I do not ask if you go to church. I do not ask if you read the Bible. I do not ask if you believe in God. These are important questions. But today, I ask you this: do you love Jesus Christ? There is perhaps no question more important than this one. So important is this question, that Jesus asked Peter three times, “Do you love me?” Despite this, I fear many today have never honestly asked themselves this question even once.
What passes for Christianity today is a far cry from the Christianity of the Apostle Paul―a man who said, “Indeed, I count everything as loss because of the surpassing worth of knowing Christ Jesus my Lord” (Philippians 3:8). Speaking of the Apostle Paul and his love for Christ, Jonathan Edwards noted:
It appears by all his [the Apostle Paul’s] expressions of himself, that he was, in the course of his life, inflamed, actuated, and entirely swallowed up, by a most ardent love to his glorious Lord, esteeming all things as loss, for the excellency of the knowledge of him, and esteeming them but dung that he might win him.
Do we know nothing of this ardent love for Christ? Then we know nothing of true Christianity. Today, it seems, someone can be considered a Christian if they simply make a profession of faith, regardless of the fact that they have not evidenced any repentance, humility, or obedience. Most poignantly, they have not demonstrated love for Jesus Christ. But love for Jesus Christ is as essential to spiritual life as breathing is to physical life. The fact that this biblical truth is so neglected in our day reveals our lack of understanding concerning what it means to be a Christian.
Love for Jesus Christ is the Baseline of Christian Discipleship
A baseline is a minimum starting point. That love for Jesus Christ is the baseline and foundation of all Christian discipleship ought to need no defense. “Love to Christ is the common meeting-point of believers of every branch of Christ’s Church on earth” (J.C. Ryle). If you are a Christian, it means you love Jesus Christ. That Jesus demanded such love from his followers is plain to any honest inquirer of the Gospels: “Whoever loves father or mother more than me is not worthy of me, and whoever loves son or daughter more than me is not worthy of me” (Matthew 10:37). It is noteworthy that Jesus later lists the “great and first commandment” as loving the Lord your God with all your heart, soul, and mind (Matthew 22:37-38). Only God himself could rightly command people to love him more than everything else. It is this love that marks every follower of Christ.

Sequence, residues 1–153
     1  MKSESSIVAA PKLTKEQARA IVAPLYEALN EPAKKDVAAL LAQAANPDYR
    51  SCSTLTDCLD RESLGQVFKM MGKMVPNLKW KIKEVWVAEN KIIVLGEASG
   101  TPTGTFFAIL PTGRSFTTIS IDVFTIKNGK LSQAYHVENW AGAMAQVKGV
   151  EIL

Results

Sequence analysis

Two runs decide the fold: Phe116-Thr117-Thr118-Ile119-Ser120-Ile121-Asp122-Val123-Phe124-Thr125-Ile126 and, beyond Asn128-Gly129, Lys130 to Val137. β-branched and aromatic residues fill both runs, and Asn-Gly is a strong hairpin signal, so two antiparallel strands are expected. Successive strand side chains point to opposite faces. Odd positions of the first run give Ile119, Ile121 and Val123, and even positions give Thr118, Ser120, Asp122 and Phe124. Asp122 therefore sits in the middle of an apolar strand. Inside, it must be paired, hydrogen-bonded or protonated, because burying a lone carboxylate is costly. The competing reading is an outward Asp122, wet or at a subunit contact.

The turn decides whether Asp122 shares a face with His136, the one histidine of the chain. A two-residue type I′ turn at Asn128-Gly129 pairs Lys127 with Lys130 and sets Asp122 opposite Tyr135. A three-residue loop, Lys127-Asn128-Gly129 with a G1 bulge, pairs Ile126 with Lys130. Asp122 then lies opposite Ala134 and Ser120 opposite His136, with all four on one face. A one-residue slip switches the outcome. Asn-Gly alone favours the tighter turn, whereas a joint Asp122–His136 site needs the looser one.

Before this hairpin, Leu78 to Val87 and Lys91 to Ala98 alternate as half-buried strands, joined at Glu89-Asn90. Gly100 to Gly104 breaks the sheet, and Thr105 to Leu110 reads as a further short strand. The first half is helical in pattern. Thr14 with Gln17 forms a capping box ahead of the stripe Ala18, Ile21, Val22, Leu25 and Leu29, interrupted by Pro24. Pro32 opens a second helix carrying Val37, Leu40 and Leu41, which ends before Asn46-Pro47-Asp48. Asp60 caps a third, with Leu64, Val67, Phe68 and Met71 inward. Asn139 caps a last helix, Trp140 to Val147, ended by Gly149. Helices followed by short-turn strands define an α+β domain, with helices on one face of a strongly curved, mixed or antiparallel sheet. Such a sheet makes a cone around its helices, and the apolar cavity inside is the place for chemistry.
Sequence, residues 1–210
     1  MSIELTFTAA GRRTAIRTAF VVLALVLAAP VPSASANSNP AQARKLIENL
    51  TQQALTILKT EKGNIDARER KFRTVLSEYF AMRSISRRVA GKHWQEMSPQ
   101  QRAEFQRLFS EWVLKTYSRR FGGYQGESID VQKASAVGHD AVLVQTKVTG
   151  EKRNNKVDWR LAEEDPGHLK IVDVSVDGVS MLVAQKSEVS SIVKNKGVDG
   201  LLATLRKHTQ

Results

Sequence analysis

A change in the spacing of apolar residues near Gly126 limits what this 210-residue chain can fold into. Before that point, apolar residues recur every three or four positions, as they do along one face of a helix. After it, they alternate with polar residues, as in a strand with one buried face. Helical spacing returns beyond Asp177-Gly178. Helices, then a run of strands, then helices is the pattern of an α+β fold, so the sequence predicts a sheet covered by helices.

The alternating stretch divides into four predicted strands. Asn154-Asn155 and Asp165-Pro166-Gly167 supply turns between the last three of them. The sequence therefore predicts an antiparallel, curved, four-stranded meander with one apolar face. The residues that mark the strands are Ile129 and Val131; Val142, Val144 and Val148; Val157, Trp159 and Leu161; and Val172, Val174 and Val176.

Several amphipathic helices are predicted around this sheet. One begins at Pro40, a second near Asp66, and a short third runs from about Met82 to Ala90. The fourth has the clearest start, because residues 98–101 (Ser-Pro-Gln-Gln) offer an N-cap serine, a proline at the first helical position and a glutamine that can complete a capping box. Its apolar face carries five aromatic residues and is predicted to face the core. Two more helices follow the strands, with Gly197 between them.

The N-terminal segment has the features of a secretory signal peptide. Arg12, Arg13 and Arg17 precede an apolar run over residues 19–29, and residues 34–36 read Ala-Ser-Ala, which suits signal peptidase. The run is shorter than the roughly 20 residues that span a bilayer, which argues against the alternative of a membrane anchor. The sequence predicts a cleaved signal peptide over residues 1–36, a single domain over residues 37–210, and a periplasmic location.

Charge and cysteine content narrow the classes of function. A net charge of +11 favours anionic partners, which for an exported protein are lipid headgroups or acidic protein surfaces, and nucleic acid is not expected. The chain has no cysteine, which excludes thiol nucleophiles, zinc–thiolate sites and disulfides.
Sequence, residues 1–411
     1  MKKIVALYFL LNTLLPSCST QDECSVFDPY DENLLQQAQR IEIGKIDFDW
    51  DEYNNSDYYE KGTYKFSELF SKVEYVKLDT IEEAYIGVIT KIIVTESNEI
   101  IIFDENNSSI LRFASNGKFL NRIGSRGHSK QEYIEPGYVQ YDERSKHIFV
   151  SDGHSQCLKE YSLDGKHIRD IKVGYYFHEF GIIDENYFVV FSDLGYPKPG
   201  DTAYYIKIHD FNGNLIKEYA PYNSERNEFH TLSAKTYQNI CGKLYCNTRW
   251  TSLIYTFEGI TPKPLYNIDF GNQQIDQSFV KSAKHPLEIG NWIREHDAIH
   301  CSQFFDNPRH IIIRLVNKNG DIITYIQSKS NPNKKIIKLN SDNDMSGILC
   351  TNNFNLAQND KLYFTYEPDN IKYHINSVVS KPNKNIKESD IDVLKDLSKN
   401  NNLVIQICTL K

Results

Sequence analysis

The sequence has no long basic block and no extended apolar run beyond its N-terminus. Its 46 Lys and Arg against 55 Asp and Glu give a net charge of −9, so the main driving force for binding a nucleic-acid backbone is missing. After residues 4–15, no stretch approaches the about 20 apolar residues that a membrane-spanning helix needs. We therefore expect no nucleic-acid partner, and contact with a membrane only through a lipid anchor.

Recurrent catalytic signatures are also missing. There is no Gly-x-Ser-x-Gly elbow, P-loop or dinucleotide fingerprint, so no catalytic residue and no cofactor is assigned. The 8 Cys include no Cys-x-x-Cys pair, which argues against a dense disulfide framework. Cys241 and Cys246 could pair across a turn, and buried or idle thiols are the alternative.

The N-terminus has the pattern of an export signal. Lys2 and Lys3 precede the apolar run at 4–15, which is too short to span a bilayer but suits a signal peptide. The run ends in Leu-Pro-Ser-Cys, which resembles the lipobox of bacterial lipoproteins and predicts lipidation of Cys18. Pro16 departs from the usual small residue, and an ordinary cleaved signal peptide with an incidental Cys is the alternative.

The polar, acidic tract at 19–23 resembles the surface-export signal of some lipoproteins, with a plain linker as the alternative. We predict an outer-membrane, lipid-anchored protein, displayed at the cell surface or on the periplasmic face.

There is one thing in a true Christian which is eminently peculiar to him. That thing is love to Christ. Knowledge, faith, hope, reverence, obedience, are all marked features in a true Christian’s character. But his picture would be very imperfect if you omitted his “love” to his Divine Master. He not only knows, trusts, and obeys. He goes further than this―he loves. (J.C. Ryle)